Madarosis is a terminology that refers to loss of eyebrows or eyelashes. This clinical sign occurs in various diseases ranging from local dermatological disorders to complex systemic diseases. Madarosis can be scarring or non-scarring depending upon the etiology. Appropriate diagnosis is essential for management. Follicular unit transplantation has been found to be a useful method of treating scarring madarosis and the procedure relevant to eyebrow and eyelash reconstruction has been discussed. A useful clinical approach to madarosis has also been included for bedside diagnosis. The literature search was conducted with Pubmed, Medline, and Google scholar using the keywords madarosis, eyebrow loss, and eyelash loss for articles from 1960 to September 2011. Relevant material was also searched in textbooks and used wherever appropriate.
Lingeswaran A.,Sri Manakula Vinayagar Medical College and Hospital
Journal of Pediatric Neurosciences | Year: 2014
We present a 16-year-old boy, who had presented to us with catatonic features of mutism, withdrawal, passive negativism, grimacing, gesturing, echopraxia, and excitement of 5 days duration while taking antiretroviral therapy (ART) for a period of 2 years. He had history of birth asphyxia and acquired HIV infection from his father when the same syringe and needle was used on both of them in a medical setting where the father and son had consulted for treatment of pyrexia of unknown origin. He was the eldest of a three children family in which the biologic father had acquired HIV through extramarital sexual contact with HIV-infected sex workers but was unaware of his HIV positive status till our patient, the 16-year-old was admitted and treated for pulmonary tuberculosis at 14 years of age. The boy's mother had only acquired HIV after having three children with the HIV-positive husband, thus leaving the other two children HIV negative. The catatonia completely resolved within 2 days after the ART was withheld, and risperidone 1 mg twice a day was prescribed. This case highlights the risks of ART and breach of universal precautions.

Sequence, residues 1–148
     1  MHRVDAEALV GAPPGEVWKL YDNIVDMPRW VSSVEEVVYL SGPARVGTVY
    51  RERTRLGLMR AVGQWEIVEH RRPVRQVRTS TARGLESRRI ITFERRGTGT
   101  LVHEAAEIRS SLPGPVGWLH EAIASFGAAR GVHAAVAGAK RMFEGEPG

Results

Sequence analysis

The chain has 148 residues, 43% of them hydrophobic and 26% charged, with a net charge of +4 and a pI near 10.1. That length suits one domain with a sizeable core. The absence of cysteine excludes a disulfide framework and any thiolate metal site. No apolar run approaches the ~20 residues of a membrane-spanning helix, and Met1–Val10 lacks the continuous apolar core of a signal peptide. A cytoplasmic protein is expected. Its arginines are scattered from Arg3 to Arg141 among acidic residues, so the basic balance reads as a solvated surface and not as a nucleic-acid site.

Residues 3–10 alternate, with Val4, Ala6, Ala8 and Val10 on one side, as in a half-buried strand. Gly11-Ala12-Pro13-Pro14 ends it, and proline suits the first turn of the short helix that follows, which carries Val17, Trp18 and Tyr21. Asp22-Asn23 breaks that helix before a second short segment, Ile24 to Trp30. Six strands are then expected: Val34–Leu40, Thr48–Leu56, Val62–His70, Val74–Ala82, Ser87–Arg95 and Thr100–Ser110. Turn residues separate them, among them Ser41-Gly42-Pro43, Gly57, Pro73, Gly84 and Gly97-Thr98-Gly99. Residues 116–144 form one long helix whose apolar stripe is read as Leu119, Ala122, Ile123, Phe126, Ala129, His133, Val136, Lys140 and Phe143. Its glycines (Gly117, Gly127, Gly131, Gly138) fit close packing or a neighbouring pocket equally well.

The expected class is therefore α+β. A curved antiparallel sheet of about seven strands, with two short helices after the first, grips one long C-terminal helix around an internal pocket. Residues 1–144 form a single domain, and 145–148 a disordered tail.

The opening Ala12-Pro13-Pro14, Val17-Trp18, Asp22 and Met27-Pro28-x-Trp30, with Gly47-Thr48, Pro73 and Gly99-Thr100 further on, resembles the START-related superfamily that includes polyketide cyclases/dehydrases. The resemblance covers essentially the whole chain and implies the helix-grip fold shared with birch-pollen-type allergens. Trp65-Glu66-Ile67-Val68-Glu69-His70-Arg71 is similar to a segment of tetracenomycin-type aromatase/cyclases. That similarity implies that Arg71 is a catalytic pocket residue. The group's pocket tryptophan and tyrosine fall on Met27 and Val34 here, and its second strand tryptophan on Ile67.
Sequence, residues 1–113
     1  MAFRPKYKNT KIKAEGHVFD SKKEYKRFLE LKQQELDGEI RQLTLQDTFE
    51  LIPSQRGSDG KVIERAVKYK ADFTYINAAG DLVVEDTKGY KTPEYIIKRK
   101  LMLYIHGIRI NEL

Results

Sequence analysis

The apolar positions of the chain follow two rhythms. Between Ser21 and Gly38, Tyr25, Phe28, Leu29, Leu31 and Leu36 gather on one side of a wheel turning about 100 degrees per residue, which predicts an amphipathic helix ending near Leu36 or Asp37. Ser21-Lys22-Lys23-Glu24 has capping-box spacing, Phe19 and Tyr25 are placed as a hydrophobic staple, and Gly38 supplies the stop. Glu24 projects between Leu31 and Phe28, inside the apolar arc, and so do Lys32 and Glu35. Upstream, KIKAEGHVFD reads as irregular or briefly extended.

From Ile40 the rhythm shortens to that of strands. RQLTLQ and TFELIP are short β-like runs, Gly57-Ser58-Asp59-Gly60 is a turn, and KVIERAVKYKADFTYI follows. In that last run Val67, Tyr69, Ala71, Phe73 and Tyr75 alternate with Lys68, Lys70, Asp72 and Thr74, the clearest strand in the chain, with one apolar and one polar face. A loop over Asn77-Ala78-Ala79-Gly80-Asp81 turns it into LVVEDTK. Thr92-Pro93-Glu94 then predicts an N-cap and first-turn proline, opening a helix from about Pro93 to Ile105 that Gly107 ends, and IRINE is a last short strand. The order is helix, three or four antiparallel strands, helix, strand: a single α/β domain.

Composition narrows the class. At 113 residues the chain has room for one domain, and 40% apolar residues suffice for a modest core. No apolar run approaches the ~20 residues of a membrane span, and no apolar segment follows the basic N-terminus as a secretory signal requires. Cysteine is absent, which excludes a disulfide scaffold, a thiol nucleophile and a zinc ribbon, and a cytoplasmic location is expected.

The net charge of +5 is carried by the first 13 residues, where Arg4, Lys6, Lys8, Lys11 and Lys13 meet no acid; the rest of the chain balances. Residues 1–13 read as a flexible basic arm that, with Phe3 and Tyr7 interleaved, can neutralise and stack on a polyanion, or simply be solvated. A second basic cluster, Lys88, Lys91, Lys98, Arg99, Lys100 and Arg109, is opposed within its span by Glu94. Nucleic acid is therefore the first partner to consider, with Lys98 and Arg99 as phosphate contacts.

Shrivastava S.R.,Shri Sathya Sai Medical College and Research Institute |
Ghorpade A.G.,Sri Manakula Vinayagar Medical College and Hospital
Journal of Research in Health Sciences | Year: 2014